Saturday, May 23, 2009

Dinner for seven.

This morning was my first trip to the Evanston farmer's market after it opened its doors for the spring, and oh, I've missed it so. It is asparagus and rhubarb season in the midwest, and the vendors were overflowing with them, as well as with fresh potted herbs and green onion as big as leeks. In the end, I picked up a bunch of nice-looking tarragon, three huge bunches of purple asparagus, and some shallots for the night's dinner party.

My friend Eugenio, whom I've known and loved since freshman year, is moving away tomorrow, and this long Memorial Day weekend was perfect timing for my roommate and I to invite him and other friends over for one last dinner.

On the menu:
- lemon-oregano chicken thighs, seared in butter then roasted
- carrots and shallots, cooked with butter and tarragon
- roasted asparagus
- forbidden rice with slivered almonds

For dessert:
- homemade fruit tarte, a la the roommate

I chopped and marinated everything in advance. Half an hour before guests arrived, I turned on the rice-cooker and browned the chicken in batches. The chicken then went into the oven with the asparagus, and I cooked the carrots on the stove top. My timing was spot-on: everything finished at the same time, fifteen minutes after people arrived.

All the food was eaten, and people got seconds - always a good sign. As much as I cook and think about food and really enjoy what I make for myself, I'm frequently self-conscious when it comes to others eating what I make for them. Sometimes I worry that the only reason I love my own cooking is simply because, even at this stage in my culinary self-education, I view everything that I make as a remarkable chemistry experiment, and I am still in awe that my hands can create such things at all. That said, it is difficult to view my cooking in an objective light, and I often wonder what people really think about it.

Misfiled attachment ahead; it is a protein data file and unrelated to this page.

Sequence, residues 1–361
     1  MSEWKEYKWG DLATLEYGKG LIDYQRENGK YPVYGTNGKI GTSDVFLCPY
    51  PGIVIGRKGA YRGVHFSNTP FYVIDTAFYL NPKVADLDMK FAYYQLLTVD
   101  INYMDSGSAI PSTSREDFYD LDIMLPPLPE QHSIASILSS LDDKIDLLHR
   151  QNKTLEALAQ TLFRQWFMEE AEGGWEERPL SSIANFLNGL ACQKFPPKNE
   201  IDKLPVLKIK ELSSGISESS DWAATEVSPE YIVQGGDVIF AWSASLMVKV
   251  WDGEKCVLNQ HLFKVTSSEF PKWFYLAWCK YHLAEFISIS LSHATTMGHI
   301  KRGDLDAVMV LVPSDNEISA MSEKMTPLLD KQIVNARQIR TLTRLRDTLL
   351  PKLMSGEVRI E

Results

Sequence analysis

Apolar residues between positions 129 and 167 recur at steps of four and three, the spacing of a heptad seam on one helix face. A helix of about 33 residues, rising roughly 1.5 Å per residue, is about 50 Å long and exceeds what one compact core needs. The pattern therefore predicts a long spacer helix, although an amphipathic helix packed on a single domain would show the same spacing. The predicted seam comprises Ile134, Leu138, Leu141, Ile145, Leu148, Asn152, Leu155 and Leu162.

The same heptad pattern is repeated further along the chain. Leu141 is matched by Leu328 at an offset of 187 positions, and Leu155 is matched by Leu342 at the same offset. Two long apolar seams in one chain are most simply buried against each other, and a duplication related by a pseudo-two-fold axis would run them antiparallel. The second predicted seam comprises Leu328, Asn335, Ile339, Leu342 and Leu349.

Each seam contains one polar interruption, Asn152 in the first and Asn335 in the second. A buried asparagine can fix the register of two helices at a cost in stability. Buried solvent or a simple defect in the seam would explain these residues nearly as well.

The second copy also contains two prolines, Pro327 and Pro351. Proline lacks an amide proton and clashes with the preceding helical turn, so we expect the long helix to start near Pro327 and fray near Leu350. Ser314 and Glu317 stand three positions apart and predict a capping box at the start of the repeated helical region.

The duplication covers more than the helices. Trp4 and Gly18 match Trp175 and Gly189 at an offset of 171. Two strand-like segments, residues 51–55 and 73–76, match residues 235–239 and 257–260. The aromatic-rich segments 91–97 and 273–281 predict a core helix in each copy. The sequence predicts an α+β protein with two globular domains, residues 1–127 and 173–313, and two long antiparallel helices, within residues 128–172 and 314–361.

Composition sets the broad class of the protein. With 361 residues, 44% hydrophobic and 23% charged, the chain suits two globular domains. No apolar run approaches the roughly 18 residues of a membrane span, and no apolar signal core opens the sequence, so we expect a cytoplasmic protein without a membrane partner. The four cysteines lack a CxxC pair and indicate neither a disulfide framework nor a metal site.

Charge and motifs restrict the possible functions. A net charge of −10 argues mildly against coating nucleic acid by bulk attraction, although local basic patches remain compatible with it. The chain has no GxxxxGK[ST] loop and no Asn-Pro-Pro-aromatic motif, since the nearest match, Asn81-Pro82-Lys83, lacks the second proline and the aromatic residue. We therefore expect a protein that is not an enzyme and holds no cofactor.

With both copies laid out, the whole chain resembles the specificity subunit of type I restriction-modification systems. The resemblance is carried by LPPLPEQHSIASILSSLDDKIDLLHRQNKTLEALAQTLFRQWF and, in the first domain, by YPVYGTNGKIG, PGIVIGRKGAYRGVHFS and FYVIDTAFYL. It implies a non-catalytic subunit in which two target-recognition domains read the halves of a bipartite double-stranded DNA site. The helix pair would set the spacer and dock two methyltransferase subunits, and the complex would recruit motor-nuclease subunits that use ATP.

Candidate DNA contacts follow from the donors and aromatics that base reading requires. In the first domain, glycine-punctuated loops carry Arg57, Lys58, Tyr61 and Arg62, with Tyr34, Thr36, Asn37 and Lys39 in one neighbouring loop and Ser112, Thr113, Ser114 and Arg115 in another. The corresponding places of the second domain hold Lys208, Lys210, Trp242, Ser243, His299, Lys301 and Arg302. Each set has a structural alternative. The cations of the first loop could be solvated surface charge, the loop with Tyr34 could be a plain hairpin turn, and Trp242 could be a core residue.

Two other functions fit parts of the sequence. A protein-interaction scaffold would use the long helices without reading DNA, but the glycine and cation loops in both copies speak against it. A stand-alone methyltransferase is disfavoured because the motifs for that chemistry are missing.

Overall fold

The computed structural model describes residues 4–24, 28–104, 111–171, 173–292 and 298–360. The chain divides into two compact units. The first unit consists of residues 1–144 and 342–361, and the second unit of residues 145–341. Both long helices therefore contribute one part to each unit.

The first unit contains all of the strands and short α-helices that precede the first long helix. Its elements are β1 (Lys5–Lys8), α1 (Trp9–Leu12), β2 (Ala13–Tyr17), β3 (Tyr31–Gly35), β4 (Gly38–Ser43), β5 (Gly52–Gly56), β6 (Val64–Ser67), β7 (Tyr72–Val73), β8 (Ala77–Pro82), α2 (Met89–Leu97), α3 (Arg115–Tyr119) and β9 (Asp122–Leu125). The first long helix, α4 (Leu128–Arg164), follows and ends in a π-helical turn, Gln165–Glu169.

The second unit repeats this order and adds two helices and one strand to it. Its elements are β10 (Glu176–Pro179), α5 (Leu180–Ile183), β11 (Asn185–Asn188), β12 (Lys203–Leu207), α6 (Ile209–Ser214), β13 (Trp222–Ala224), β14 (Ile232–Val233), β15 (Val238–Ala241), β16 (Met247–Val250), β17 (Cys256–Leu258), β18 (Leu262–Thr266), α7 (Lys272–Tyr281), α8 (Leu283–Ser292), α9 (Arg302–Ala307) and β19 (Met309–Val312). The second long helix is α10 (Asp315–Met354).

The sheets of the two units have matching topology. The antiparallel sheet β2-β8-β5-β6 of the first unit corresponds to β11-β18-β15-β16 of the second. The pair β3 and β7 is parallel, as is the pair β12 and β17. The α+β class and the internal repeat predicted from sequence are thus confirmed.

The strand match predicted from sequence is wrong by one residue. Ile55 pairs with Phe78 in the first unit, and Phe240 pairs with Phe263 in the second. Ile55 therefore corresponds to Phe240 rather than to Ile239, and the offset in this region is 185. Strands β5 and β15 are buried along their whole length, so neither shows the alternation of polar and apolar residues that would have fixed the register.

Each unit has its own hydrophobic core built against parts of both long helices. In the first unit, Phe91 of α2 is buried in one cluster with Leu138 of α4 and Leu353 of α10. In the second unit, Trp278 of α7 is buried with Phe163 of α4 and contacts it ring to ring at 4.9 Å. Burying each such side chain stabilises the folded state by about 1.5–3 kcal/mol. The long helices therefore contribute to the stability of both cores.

During cycling spring break, I spent a couple hours every night making food for the sixteen members of my team, and I enjoyed every minute of the challenge because I love many of them like family. However, during the week, I had the impression that the food I had planned out was not quite adequate for the purposes of a training camp. Here I was making eggplant parmesan and margherita pizzas when these voracious athletes should be getting meat and carbs and, well, loads more food in general. Towards the end of the week, I learned that someone had indeed complained to another that I was making everything too complicated, that I was trying to show off, that I should have been making functional food instead of fancy food.

I could only assume that others thought at least a little bit the same way, and it made me feel terrible. I couldn't stop thinking about the comment for days, and I still consider that week an embarrassingly unsuccessful episode in my short history as a wannabe chef.

The point is, cooking for others is to me one of the most basic ways of showing love. It is important to me that the food I make conveys this message, but I'm not yet at a point where I can be fully confident that this happens each time.

3 comments:

cecil said...

i feel the same way about cooking food for people.

whenever i cook for just myself i always tell myself while im eating it that its the greatest thing in the world.

whenever i cook for a girl though, i botch it. i make it bland and shittily.

Tim said...

Sounds like they're complaining that your food was too good...? Hell, I just blow those comments off and have fun with it; I love cooking too much.

Jacob said...

http://www.wired.com/culture/lifestyle/news/2004/09/64987